Recently, I attended a workshop as a part of the ‘Aboriginal Water Initiative’ of NSW Office of Water, where I work. The program, ‘Aboriginal Water Initiative’, is to ensure water used by Aborigines for their cultural services are taken into consideration and provided for when water is allocated and managed in river basins. This is one of the four categories of ecosystem services provided by water, others being provisioning, supportive, and regulatory. I had been in the water sector for a long time, and I believe this ‘initiative’ is one of a kind, and again, Australians are showing the way forward.
The prime objective of the workshop was to sensitize non aboriginal Australians to sensitivities of Aborigines in Australia. There were 24 participants, none of them were Aborigines. The instructor had Aboriginal mother and Italian father. This gave him the liberty to use a wide ranging vocabulary, some are politically incorrect. Those words did drive his messages though.
His first exercise was to remind everyone that occupation of Australia by non-Aborigines is only for the last 227 years, Aborigines inhabited this vast continent for more than 40,000 years, and the continent itself is very much older than the people who live(d) in it. Well, everyone knew this, but the reminder set the scene.
Then he asked the group to split into two, those who were born in Australia and those who immigrated. The split was 50:50. Those who immigrated were separated on the basis of their country of origin, and those born in Australia were separated on the basis of their parents’ country of birth. By this time, there were almost 24 groups, each with one member. The point was made again, we are all different, yet we are all the same. We differ, if we choose to, we conform when we choose to. He maintained, although we differed, we are all unique and should be very proud of our ancestry. No one could disagree.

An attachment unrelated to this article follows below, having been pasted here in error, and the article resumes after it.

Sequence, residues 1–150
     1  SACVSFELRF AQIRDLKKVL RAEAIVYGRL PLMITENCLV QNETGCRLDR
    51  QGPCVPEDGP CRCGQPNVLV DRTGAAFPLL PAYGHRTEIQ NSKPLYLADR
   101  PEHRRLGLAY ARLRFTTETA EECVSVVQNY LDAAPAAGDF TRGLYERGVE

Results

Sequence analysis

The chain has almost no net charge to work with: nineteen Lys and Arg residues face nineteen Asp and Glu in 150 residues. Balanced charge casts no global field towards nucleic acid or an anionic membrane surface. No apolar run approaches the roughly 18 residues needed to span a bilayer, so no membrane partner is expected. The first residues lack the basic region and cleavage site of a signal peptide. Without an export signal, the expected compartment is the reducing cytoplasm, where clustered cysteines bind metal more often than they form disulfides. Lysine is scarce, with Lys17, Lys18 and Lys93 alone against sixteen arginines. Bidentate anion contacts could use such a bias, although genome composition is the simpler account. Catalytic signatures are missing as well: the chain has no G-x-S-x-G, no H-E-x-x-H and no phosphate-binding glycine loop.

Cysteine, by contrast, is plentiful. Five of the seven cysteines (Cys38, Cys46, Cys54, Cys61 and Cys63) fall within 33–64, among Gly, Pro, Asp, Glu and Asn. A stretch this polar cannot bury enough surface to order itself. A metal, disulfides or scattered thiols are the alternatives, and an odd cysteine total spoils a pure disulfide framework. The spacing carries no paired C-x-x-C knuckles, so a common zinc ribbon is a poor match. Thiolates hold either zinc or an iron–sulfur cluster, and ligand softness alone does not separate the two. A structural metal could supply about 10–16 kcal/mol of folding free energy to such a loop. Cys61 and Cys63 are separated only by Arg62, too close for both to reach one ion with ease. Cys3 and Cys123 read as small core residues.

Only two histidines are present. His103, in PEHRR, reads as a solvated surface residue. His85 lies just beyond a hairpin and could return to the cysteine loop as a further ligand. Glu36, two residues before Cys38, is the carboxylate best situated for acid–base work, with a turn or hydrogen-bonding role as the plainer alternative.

Then what’s the problem? The problem is when one group thinks their ancestry is some or other better than the others’ ancestry. I see this as the root cause of conflicts. In Sri Lanka some Sinhala-Buddhists consider their ancestry is some or other better than Tamil-Hindus or Tamil-Muslims. In the Arabian Gulf, ISIS considers it superior to everyone else. I can go on.
What we do not remember is that most of us did not choose our mother tongue, nationality or religion. We were born into whatever we are. Every one’s ancestry has lessons for others to better themselves. Our focus, especially in societies like in Australia, should be to cherish the opportunity and learn the best from each other.
There’s also confusion between Nationalism and Patriotism among some. I can be a proud Jaffna-Tamil, and a patriotic Australian, can’t I? Patriotism will be challenged only when I expect every Australian to be like Jaffna Tamil. After all, Tamil is only 5000 years old,and Hinduism is only 12000 years old. In comparison with the period Aborigines have inhabited Australia, I haven't got much to brag about, isn't it!
So, let’s be proud about our ancestry, let’s not insist ours is better than that of others’, and definitely not insist on everyone to become like us.